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dc.contributor.authorBork, J.T.
dc.contributor.authorClaeys, K.
dc.contributor.authorZhan, M.
dc.contributor.authorMorgan, D.J.
dc.date.accessioned2020-07-15T19:33:34Z
dc.date.available2020-07-15T19:33:34Z
dc.date.issued2020
dc.identifier.urihttps://www.scopus.com/inward/record.uri?eid=2-s2.0-85087398270&doi=10.1186%2fs13756-020-00762-1&partnerID=40&md5=ab4539029b59ac1b525be1ef475c3242
dc.identifier.urihttp://hdl.handle.net/10713/13299
dc.description.abstractBackground: Urine cultures are often positive in the absence of a urinary tract infection (UTI). Pyuria is generally considered necessary to diagnose a UTI. Problem: Urine cultures are often positive in the absence of UTI leading to unnecessary antibiotics. Methods: Quasi-experimental pre-post study of all patient urine cultures ordered in a VA acute care hospital, emergency department (ED), and two long-term care (LTC) facilities from August 2016 to August 2018. Urine cultures performed per 100 days were compared pre- (August 2016 to July 2017) versus post-intervention (August 2017 to August 2018) using interrupted time series negative binomial regression. Intervention: We examined whether reflexing to urine culture only if a urinalysis (UA) found greater than 10 WBC/hpf decreased urine culturing. Results: In acute-care, reflex culturing resulted in a 39% time series regression analysis adjusted decrease in the rate of cultures performed (pre-intervention, 3.6 cultures/100 days vs. Post-intervention, 1.8 cultures/100 days, p < 0.001). Pre-intervention, 29% (4/14) of Catheter-associated UTI (CAUTI) would not have been reported if reflex culturing was employed. In the ED, reflex culturing was associated with a 38% (p = 0.0015) regression analysis adjusted decrease in cultures, from 5.4/100 visits to 3.3/100 visits. In LTC, there was a small absolute, but regression analysis adjusted increase of 89% (p = 0.0018) in rates from (0.4/100 days to 0.5/100 days). Conclusion: In acute care and ED, urine reflex culturing decreased the number of urine cultures performed. A small absolute increase was seen between pre-post time periods in LTC. Reflex testing generally decreases cultures and may lead to more accurate diagnoses of CAUTI.en_US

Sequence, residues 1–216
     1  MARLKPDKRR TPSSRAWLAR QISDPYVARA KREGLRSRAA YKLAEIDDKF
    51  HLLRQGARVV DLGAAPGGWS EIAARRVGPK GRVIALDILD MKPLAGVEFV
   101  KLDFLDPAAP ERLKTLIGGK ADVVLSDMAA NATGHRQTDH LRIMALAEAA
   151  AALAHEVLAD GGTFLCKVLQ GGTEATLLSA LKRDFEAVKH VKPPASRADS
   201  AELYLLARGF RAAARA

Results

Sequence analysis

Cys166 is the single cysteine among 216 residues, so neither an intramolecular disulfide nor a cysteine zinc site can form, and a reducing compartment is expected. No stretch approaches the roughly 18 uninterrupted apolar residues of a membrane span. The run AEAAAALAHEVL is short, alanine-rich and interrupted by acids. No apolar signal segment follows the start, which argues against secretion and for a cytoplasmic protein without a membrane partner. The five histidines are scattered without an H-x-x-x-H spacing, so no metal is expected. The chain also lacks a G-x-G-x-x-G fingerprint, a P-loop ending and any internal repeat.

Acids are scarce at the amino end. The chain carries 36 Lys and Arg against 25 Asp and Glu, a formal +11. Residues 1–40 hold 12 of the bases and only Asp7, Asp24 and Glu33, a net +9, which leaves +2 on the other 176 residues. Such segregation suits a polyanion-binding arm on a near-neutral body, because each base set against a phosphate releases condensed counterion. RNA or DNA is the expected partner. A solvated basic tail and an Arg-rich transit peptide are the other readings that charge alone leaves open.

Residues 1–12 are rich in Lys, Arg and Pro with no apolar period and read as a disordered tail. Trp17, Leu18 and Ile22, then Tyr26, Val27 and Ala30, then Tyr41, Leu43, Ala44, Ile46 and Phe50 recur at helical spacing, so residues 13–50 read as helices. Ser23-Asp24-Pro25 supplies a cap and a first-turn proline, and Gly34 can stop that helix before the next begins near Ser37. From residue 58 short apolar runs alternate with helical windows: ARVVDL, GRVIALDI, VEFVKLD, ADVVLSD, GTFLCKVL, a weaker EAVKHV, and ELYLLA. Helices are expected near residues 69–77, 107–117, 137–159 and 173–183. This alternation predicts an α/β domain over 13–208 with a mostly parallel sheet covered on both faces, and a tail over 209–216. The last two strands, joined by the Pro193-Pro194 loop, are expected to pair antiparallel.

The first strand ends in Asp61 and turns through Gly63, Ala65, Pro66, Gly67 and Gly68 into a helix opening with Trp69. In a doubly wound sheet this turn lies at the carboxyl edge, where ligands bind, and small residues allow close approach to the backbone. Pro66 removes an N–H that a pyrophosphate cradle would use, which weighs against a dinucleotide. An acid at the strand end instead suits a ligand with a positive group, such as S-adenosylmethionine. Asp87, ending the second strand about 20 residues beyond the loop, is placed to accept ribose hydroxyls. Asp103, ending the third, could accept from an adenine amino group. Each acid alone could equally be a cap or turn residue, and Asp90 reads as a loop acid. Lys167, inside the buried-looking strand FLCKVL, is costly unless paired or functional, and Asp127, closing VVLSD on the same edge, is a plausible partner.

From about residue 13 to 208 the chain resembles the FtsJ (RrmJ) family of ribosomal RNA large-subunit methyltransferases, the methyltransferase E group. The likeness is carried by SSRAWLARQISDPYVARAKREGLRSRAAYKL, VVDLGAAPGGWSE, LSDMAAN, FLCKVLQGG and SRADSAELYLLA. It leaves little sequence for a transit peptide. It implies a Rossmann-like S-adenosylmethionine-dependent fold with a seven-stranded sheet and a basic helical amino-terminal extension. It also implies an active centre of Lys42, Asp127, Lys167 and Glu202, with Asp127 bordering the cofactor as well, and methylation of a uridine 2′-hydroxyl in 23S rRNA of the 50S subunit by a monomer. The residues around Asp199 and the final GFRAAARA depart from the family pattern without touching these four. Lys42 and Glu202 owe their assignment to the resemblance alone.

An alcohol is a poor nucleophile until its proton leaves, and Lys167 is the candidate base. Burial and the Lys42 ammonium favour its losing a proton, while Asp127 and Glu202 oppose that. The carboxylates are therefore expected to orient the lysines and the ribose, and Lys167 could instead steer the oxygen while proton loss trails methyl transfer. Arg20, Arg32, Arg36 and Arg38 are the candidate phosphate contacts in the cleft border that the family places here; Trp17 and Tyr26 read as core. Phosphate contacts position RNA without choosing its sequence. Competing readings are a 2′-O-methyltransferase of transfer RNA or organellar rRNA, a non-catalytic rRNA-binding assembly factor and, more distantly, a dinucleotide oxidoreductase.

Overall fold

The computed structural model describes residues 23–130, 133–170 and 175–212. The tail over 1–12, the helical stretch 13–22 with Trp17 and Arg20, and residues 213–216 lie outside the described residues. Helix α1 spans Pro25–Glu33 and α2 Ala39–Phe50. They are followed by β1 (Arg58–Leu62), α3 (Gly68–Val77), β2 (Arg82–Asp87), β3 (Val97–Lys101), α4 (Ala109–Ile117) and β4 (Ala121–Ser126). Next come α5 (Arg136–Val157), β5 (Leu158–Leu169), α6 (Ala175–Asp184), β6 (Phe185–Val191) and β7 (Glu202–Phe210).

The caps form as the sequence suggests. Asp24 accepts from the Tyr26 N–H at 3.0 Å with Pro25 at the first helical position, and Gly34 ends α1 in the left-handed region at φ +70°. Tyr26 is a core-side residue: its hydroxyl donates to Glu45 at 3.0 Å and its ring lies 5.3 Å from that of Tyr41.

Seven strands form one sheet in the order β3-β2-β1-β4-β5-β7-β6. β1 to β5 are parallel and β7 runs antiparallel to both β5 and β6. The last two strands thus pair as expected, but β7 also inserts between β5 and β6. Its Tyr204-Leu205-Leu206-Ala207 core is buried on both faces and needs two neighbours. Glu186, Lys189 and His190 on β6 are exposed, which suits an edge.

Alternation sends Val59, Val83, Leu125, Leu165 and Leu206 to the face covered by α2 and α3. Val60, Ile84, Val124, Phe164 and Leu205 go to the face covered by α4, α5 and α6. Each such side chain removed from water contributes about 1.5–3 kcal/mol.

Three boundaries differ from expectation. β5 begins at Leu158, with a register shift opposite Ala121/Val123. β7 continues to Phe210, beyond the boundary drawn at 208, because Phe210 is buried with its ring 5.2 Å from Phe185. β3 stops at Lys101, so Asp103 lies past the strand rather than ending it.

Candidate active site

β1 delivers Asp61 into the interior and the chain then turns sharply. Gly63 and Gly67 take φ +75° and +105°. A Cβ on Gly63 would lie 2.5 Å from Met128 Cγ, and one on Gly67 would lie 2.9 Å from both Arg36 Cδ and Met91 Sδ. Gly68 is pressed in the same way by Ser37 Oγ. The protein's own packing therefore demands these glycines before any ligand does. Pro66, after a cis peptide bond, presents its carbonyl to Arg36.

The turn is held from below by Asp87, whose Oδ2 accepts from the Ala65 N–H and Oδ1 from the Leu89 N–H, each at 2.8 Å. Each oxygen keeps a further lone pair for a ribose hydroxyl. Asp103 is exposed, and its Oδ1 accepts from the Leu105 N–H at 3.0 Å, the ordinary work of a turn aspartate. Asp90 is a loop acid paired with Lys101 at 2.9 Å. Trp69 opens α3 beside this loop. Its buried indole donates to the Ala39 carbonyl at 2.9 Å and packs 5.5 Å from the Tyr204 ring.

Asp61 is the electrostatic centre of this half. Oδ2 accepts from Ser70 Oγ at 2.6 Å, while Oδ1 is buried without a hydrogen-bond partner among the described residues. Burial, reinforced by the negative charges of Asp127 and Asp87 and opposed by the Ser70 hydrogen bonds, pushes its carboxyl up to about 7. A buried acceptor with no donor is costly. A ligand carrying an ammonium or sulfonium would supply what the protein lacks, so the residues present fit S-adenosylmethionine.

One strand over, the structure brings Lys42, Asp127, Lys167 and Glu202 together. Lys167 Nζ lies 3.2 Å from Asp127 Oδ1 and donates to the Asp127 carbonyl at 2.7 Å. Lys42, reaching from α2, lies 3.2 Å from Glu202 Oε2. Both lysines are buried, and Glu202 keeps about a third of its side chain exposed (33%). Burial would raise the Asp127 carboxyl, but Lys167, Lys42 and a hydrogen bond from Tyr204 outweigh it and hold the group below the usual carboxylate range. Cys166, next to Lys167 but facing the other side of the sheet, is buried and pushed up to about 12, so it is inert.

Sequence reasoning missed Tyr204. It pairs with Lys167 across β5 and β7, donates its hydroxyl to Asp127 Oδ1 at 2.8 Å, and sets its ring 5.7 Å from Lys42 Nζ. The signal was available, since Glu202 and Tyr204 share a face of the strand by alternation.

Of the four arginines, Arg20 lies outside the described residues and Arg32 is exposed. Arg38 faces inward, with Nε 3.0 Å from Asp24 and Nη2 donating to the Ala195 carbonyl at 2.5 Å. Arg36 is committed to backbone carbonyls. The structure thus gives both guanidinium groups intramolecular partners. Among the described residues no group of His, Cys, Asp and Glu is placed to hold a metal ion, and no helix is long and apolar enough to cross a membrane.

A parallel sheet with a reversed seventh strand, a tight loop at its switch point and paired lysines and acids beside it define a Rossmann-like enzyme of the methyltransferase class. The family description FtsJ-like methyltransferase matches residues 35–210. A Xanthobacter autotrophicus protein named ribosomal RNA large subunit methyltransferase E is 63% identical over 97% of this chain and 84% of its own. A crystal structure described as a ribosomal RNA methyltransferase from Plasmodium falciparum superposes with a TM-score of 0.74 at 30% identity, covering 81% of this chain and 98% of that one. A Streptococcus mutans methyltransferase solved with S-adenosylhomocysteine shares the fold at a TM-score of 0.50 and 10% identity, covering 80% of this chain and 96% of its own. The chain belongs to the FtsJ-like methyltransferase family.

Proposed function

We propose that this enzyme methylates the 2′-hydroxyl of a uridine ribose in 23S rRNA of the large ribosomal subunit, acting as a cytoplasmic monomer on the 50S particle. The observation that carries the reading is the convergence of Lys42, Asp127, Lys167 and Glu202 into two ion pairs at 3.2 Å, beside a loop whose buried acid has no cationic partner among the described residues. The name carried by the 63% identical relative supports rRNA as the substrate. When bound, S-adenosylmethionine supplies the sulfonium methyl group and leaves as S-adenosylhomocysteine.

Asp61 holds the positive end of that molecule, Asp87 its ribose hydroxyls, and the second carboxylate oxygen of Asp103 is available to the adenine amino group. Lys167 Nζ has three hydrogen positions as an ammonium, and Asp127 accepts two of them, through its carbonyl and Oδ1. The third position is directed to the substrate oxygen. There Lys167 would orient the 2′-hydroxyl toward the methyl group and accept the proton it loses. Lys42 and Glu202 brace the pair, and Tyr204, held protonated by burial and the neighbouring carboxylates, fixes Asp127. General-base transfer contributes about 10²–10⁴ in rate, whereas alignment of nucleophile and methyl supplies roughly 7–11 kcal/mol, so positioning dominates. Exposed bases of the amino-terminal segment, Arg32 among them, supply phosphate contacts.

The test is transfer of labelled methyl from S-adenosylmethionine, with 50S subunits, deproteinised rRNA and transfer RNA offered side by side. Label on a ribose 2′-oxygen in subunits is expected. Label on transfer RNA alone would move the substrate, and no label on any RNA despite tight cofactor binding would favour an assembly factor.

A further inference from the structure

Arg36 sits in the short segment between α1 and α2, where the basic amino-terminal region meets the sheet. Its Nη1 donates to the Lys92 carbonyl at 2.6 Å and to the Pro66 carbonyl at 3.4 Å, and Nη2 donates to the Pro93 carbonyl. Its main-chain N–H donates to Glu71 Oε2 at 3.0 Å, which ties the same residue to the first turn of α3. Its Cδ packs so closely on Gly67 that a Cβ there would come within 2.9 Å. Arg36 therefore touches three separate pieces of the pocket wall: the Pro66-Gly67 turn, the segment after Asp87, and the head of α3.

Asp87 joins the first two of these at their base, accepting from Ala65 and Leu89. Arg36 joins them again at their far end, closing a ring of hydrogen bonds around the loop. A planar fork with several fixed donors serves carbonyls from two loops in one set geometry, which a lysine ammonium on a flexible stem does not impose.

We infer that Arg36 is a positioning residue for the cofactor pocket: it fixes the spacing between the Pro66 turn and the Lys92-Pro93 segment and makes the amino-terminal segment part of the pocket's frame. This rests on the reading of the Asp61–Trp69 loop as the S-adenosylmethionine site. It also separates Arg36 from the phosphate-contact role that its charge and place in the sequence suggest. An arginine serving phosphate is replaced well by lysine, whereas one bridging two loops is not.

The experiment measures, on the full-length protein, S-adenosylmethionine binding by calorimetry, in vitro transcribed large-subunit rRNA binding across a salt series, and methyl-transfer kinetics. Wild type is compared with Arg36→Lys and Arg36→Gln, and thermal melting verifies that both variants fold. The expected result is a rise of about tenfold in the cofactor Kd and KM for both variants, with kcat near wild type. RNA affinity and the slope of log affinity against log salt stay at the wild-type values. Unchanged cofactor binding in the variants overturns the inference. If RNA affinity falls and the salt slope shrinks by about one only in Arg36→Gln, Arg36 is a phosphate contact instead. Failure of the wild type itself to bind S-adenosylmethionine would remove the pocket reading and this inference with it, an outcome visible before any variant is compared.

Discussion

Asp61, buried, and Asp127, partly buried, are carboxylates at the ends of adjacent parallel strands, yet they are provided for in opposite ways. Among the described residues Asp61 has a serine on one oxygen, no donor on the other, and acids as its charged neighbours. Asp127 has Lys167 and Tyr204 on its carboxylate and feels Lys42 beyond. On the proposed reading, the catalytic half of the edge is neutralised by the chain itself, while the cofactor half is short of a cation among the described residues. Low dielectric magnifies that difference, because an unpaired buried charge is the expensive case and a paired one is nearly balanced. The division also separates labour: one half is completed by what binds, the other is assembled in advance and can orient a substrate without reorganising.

dc.description.urihttps://doi.org/10.1186/s13756-020-00762-1en_US
dc.language.isoen_USen_US
dc.publisherSpringer Natureen_US
dc.relation.ispartofAntimicrobial resistance and infection control
dc.subjectDiagnostic microbiologyen_US
dc.subjectStewardshipen_US
dc.subjectUrinary tract infectionsen_US
dc.titleEffect of urine reflex culturing on rates of cultures and infections in acute and long-term careen_US
dc.typeArticleen_US
dc.identifier.doi10.1186/s13756-020-00762-1
dc.identifier.pmid32600416


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